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Cell Metab. 2015 Nov 3;22(5):886-94. doi: 10.1016/j.cmet.2015.08.020. Epub 2015 Sep 17.

Microbiota from Obese Mice Regulate Hematopoietic Stem Cell Differentiation by Altering the Bone Niche.

Author information

1
Department of Internal Medicine 3, University of Erlangen-Nuremberg, Erlangen 91054, Germany.
2
Department of Radiology, Preclinical Imaging, University of Erlangen-Nuremberg, Erlangen 91054, Germany.
3
Department of Internal Medicine 1, University of Erlangen-Nuremberg, Erlangen 91054, Germany.
4
Department of Internal Medicine 3, University of Erlangen-Nuremberg, Erlangen 91054, Germany. Electronic address: georg.schett@uk-erlangen.de.
5
Department of Internal Medicine 3, University of Erlangen-Nuremberg, Erlangen 91054, Germany. Electronic address: aline.bozec@uk-erlangen.de.

Abstract

The effect of metabolic stress on the bone marrow microenvironment is poorly defined. We show that high-fat diet (HFD) decreased long-term Lin(-)Sca-1(+)c-Kit(+) (LSK) stem cells and shifted lymphoid to myeloid cell differentiation. Bone marrow niche function was impaired after HFD as shown by poor reconstitution of hematopoietic stem cells. HFD led to robust activation of PPARγ2, which impaired osteoblastogenesis while enhancing bone marrow adipogenesis. At the same time, expression of genes such as Jag-1, SDF-1, and IL-7 forming the bone marrow niche was highly suppressed after HFD. Moreover, structural changes of microbiota were associated to HFD-induced bone marrow changes. Antibiotic treatment partially rescued HFD-mediated effects on the bone marrow niche, while transplantation of stools from HFD mice could transfer the effect to normal mice. These findings show that metabolic stress affects the bone marrow niche by alterations of gut microbiota and osteoblast-adipocyte homeostasis.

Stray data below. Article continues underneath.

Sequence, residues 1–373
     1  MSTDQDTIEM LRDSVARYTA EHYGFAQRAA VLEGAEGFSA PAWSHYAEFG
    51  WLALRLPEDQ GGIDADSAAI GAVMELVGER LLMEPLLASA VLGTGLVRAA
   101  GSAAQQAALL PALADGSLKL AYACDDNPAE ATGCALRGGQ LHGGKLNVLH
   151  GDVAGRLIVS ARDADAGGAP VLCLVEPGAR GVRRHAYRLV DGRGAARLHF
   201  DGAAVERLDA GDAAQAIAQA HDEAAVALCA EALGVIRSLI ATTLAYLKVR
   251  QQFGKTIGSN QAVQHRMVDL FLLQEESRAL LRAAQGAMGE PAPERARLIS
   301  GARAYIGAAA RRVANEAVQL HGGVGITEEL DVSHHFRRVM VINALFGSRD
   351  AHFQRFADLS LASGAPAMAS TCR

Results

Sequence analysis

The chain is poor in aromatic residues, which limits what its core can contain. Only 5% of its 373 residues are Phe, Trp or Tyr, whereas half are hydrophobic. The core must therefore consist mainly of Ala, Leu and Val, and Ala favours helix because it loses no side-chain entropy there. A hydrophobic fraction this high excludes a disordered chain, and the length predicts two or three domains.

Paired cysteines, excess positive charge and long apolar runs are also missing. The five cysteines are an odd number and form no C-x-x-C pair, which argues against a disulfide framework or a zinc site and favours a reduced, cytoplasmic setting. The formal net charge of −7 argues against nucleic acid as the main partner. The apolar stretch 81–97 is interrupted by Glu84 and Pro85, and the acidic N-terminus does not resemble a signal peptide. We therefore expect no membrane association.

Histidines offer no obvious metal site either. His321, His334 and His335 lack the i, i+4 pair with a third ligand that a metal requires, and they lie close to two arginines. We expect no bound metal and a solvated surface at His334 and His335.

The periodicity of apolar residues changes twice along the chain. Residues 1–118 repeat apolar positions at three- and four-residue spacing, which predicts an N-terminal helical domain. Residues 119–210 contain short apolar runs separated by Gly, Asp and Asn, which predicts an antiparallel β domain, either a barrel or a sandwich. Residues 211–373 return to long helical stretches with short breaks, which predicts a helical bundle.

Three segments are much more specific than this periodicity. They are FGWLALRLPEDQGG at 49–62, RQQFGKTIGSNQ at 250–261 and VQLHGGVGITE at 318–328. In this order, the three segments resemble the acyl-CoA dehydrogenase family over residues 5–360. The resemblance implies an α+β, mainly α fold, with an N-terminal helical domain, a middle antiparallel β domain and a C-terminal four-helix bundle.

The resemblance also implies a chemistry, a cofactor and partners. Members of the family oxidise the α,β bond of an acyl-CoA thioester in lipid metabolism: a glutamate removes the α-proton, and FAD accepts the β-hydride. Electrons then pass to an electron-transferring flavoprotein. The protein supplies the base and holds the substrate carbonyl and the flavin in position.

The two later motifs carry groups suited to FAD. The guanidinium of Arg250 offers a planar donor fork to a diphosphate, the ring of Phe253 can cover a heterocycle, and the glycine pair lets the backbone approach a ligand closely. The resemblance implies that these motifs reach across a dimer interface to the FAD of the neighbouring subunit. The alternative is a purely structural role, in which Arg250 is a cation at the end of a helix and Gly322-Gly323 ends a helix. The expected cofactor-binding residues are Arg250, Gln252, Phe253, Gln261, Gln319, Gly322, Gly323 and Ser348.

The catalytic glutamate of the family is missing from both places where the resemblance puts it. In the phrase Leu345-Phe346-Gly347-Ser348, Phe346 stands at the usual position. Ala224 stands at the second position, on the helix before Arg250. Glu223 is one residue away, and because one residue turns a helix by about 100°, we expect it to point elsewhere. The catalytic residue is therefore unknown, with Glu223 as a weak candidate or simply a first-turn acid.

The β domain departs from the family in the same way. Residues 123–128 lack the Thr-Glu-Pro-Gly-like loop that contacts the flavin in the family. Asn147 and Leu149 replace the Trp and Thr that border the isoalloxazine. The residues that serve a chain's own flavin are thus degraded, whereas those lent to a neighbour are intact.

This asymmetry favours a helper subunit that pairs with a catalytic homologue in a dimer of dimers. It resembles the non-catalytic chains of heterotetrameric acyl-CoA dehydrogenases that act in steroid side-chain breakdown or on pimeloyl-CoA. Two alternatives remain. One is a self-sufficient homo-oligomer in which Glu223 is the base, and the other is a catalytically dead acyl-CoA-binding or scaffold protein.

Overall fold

PMID:
26387866
DOI:
10.1016/j.cmet.2015.08.020
[Indexed for MEDLINE]
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